Catersource is part of the Informa Connect Division of Informa PLC

This site is operated by a business or businesses owned by Informa PLC and all copyright resides with them. Informa PLC's registered office is 5 Howick Place, London SW1P 1WG. Registered in England and Wales. Number 8860726.

Ignoring a problem? That won’t make it go away.

A month ago, I had the opportunity to hear Reverend Leon Kelly speak. Rev. Kelly is the leader of Open Door Youth Gang Alternatives here in Denver and has devoted decades to the fight against gang violence, so it was unusual that he would spend his morning speaking to a group of business leaders. During his lively presentation he called out the audience for the ease at which many of us ignore the problem because it may not be taking place in our neighborhood, yet he highlighted the significant potential impact on our community if nothing was done. While our natural instinct may be to focus on what is right in front of us, I started thinking about how this may apply within our company.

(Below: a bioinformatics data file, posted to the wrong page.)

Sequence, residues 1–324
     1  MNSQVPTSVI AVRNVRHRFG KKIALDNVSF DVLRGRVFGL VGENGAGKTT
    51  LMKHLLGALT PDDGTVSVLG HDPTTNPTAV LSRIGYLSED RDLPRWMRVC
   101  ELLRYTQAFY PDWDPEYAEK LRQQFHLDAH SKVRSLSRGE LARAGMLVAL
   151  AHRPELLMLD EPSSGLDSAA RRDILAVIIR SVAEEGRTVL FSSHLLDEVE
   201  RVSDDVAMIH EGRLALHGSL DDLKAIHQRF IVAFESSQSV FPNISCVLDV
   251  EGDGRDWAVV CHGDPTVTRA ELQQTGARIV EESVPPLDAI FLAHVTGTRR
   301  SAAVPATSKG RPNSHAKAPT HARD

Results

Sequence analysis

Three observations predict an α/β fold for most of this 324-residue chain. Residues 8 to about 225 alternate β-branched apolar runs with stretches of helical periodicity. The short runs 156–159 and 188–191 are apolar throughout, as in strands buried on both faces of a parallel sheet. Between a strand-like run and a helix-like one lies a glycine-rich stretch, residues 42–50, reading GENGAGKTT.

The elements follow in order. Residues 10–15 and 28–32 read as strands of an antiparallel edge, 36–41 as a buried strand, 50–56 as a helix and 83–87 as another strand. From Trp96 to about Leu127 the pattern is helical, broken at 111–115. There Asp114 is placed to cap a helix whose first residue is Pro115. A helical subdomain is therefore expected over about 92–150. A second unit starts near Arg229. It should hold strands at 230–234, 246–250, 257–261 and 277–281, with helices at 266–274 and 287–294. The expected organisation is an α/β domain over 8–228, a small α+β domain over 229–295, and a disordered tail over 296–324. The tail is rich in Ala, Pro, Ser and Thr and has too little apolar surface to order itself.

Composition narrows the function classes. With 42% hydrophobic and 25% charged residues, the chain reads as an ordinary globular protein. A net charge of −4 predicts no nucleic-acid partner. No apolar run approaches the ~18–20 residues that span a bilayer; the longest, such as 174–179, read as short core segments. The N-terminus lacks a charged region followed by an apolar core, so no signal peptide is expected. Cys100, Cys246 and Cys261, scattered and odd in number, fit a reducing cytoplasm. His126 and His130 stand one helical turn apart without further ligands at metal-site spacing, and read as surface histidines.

Tackling the trivial?

I realized that there were a number of issues that I had been ignoring simply because they haven’t been a major issue or problem—“little fires” if you will. And although those little fires weren’t major problems, they were still weighing on me at the back of my mind. I started by calling attention to the clutter that had begun to accumulate in our lunchroom and training room, putting an end to what was quickly becoming a de facto storage closet. I then had a conversation with my operations manager about the replacing the tires for one of our trucks that we had been putting off. Next was that increase in prices we had been discussing for months, and then on to removing the chipped and scratched plates from our inventory that were ripe for a customer complaint. I continued my crusade of tackling these “little fires.” These may sound fairly trivial, but by focusing a little bit of time and effort on those areas, I immediately felt better and quickly realized the how important it was that I dealt with them when I did.

We always have to prioritize what’s most important, but many times putting out a “little fire” before it becomes a “big fire” ends up costing less and taking less time and fewer resources. My challenge to you this month is: What are the little things you’ve been putting off? Or what actions could you take today to prevent a small problem from becoming a big problem in the future. What are the areas in your community where a little effort on your part can make a significant difference? Taking a few minutes each day to tackle these items might save you money and headaches down the road as well as giving you a greater sense of purpose.

Anthony Lambatos

Anthony Lambatos

Owner/CEO, Footers Catering, Denver, CO